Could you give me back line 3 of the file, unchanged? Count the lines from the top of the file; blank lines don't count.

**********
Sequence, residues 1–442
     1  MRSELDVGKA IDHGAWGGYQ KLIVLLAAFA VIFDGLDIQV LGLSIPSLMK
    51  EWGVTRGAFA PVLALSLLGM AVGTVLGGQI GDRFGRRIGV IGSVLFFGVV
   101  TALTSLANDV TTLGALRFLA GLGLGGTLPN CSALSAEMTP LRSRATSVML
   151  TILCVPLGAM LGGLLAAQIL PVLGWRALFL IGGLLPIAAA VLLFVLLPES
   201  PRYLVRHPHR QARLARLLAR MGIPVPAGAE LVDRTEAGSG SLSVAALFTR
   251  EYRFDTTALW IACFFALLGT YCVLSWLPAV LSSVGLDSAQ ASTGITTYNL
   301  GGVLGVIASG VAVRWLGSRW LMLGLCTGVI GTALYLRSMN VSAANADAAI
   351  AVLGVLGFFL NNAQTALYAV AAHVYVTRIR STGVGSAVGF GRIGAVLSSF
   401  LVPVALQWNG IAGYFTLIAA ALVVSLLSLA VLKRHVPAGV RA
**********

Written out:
    51  EWGVTRGAFA PVLALSLLGM AVGTVLGGQI GDRFGRRIGV IGSVLFFGVV